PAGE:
Martin Kistler grew up in Switzerland idolizing his older brother, an international judo champion who competed in the '92 Olympics. He inspired Kistler to practice judo every day, enter matches on weekends, and set himself up to go for the gold. Then, when he was just 20, a debilitating back injury stopped him in his tracks.
"From seeing what tournament comes next to wondering if you'll ever walk again," says Kistler, "was pretty intense."
At the time, he was studying architecture at a Swiss university. After graduating, he was, he says, "not quite ready to start the adult life." Inspired by Frank Gehry and a lecture he'd attended in Zurich, he decided that pursuing a master's at Southern California Institute of Architecture in Los Angeles would be the perfect detour from the real world. While in L.A., he began making TV ads and music videos.
The TV work "took me away from regular architecture," says Kistler, but he felt "the training was very similar: You're a visual storyteller." As his business grew, he hired 20 freelancers. In 2003, he formed them into a full-fledged advertising agency. Ignition Creative now has more than 250 employees, clients such as Netflix, Amazon, and Sony, and annual revenue that tops $50 million.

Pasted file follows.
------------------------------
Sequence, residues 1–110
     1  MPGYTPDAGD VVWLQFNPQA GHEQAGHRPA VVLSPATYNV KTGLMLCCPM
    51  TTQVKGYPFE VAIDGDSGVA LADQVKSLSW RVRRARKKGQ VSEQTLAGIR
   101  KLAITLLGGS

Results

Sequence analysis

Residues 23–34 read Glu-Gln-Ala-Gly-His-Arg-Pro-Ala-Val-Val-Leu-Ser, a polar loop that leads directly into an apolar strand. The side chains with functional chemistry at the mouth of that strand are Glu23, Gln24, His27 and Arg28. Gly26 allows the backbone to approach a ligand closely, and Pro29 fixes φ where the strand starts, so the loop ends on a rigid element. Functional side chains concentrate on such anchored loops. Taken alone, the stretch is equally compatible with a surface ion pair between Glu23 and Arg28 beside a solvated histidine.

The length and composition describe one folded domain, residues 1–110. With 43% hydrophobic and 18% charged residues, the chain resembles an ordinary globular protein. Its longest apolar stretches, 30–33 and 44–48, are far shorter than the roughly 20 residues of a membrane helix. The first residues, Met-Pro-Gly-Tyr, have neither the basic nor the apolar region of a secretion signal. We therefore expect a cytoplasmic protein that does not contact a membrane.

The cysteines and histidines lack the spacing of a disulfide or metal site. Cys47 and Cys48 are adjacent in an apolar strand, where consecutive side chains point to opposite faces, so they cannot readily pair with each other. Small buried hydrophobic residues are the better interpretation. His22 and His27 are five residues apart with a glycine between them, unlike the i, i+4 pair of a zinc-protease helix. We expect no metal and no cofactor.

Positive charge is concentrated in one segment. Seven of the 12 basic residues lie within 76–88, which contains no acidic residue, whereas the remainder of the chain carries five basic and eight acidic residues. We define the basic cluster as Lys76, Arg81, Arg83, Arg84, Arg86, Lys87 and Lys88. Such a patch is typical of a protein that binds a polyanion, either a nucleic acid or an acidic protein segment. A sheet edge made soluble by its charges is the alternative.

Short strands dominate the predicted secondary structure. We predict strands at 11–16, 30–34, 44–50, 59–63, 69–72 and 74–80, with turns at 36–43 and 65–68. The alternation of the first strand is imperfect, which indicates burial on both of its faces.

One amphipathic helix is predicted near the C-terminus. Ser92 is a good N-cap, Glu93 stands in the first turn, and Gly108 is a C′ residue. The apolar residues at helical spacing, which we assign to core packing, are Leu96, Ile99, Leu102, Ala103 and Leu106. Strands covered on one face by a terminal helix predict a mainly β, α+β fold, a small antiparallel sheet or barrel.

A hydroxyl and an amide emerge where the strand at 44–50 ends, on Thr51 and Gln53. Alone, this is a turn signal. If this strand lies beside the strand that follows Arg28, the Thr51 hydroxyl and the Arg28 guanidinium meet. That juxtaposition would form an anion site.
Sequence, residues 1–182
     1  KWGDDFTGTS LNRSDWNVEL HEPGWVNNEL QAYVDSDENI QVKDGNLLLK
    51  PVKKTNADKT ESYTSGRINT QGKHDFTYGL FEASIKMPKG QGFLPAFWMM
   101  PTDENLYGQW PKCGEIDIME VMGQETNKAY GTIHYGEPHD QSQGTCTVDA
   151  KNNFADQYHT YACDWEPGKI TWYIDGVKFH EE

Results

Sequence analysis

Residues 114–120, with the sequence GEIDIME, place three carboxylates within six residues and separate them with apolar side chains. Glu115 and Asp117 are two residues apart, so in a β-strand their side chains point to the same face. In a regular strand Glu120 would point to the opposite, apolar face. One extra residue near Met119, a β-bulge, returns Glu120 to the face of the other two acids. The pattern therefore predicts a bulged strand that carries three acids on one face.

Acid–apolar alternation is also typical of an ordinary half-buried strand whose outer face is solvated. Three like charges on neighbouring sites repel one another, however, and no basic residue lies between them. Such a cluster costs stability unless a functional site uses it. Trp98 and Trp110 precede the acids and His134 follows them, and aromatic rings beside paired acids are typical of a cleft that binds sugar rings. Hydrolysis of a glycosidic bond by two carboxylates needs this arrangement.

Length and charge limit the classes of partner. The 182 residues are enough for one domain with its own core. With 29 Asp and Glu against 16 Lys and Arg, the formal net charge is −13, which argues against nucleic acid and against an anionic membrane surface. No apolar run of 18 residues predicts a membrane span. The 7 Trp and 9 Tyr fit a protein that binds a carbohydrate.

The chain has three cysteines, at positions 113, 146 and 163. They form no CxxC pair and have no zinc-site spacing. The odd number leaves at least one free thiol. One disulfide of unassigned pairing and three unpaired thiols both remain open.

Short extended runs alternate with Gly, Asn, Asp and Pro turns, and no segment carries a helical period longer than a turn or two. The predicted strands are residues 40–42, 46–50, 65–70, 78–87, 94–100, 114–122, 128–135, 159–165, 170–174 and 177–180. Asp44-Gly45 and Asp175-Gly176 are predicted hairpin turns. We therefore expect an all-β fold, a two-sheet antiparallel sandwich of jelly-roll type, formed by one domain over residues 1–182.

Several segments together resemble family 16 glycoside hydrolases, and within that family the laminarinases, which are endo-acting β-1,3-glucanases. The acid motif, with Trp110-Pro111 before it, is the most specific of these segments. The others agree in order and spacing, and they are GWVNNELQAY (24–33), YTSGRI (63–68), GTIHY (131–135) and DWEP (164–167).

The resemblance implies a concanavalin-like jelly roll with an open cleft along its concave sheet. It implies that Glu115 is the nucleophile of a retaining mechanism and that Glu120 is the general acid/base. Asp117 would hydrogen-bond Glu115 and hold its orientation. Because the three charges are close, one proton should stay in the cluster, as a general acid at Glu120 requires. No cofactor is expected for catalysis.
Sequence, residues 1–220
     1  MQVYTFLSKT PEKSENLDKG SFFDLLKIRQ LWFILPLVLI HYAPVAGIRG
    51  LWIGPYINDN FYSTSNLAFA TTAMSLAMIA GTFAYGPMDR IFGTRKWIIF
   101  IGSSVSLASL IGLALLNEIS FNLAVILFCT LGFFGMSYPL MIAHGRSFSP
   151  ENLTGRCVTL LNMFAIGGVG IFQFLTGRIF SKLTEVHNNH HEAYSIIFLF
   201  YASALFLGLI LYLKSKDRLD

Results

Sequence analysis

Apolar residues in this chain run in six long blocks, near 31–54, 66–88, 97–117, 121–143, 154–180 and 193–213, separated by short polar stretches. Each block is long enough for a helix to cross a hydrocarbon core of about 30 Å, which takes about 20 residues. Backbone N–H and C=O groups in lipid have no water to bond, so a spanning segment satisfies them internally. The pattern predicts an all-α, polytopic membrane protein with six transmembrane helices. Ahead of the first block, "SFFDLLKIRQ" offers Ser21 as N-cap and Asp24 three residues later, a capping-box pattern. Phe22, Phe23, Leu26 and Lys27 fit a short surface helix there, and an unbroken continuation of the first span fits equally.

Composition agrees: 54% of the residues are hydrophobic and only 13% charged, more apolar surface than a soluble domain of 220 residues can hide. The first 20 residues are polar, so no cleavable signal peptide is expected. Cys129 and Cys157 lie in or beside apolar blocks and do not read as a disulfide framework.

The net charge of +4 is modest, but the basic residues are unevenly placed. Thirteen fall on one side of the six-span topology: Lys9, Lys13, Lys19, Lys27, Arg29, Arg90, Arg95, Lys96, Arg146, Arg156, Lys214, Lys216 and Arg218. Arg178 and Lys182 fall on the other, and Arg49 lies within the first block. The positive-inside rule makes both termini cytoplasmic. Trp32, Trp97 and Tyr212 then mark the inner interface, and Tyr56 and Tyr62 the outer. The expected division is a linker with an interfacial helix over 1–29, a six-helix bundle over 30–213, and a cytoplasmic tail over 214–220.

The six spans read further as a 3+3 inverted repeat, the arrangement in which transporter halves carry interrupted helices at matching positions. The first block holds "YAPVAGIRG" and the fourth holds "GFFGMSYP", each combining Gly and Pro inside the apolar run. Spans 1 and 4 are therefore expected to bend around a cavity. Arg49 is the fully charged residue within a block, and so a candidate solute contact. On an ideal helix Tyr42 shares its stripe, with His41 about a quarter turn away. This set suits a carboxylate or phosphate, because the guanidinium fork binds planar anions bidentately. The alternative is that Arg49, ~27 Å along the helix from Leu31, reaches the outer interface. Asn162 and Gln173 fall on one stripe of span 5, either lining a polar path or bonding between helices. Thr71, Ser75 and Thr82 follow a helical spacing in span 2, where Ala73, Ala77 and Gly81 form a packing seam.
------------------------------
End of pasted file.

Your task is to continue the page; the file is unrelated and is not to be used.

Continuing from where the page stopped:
That settled his career. But he still wanted something to make him sweat. Ten years ago, a friend brought him to a boxing gym. "It was the best thing that could have happened," says Kistler. "It strengthened everything I needed, from my back and my core to having this outlet."
These days, Kistler, who's now 49, trains at Wild Card West, near Ignition's Playa Vista headquarters, four or five times a week. When he spars, he generally goes seven or eight rounds. ("It takes a lot of stamina," he says.) And staff who want to train at Wild Card West get a discount. "I'm not forcing anybody, but it's a nice perk," he says. "I believe in the balance of mental, spiritual, and physical health."
All that time in the ring has taught Kistler focus, even when he's not punching, jabbing, and ducking. "In boxing and in business, you want to make sure you're right there," he says. "If somebody tries to swing at you, there's no time for daydreaming. The concentration, the focus, is a good model for everything you do." And his hobby has given him a mantra that he also uses when the gloves come off: "Don't back down."